Written by: Alex Green
Charles Dickens once wrote about fabled orchards where the fruits were as shiny as jewels. However, it’s hard not to think that if the author had walked across the apple orchard and up the steps to the house where Golden Curtain were recording their debut album, he surely would have remarked that the real jewels were the songs themselves, ringing through the open air.
Recorded in singer Andrew McKenzie’s sustainably built home in Hawkes Bay, Golden Curtain’s English Tuning is a breezy, organic record of effortless melodies, crunchy choruses and straight up rock and roll smarts.
A New Zealand supergroup of sorts, Golden Curtain finds McKenzie (Grand Prix) joining forces with former Garageland drummer Andrew Gladstone and bassist Matt Baker. Seasoned players all, so it’s no surprise that English Tuning sounds so polished. “Breathe Easy” combines the soaring harmonies of The Byrds with an aching beauty; the spry “No One Home” brings to mind The Chills and the catchy groove of “Everything’s Fine” is hard to resist. Elsewhere, the winningly percussive “Be Around” jangles mightily away, “Tumbleweed,” has an open wounded wistfulness and the country-edged “Captain Cook” boasts one of the most infectious harmonica breaks in recent memory.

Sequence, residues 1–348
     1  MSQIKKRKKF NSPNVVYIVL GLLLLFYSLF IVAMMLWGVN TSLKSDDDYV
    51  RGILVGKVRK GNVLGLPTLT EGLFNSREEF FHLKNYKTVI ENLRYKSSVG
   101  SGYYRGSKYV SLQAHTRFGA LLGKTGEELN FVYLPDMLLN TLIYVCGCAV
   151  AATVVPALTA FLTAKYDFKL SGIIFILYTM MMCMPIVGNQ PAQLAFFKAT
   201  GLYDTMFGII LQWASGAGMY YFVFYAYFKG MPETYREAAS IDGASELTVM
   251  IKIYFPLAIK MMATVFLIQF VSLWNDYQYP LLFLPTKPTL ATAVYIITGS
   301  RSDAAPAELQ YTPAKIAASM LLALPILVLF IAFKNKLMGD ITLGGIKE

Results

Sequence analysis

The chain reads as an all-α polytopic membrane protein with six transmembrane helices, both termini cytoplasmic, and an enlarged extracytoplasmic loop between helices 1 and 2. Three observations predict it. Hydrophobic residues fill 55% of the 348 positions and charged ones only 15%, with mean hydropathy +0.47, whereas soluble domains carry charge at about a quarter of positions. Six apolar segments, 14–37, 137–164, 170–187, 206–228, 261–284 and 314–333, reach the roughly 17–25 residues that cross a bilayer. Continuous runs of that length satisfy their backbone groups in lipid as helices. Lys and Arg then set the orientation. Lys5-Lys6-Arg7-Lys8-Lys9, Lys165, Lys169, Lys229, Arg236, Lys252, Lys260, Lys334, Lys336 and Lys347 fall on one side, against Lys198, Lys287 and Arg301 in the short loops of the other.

What’s most refreshing about this album is its sonic cohesion–it plays seamlessly from front to back the way a real record should. The punchy “Breathe Easy” kicks things off with McKenzie admitting, “It’s been so long since I made it through the night,” and fittingly the proceedings close with the battered glory of “Ceiling” where the singer faces the cold hard stare of the morning, and confesses he’s impatient for the night to come. It’s a conundrum, sure, but it also perfectly encapsulates just how ironic life can be.
Golden Curtain have an effortlessness about them—a flowing confluence of rootsy swagger and textured pop majesty.
One of the year’s very best.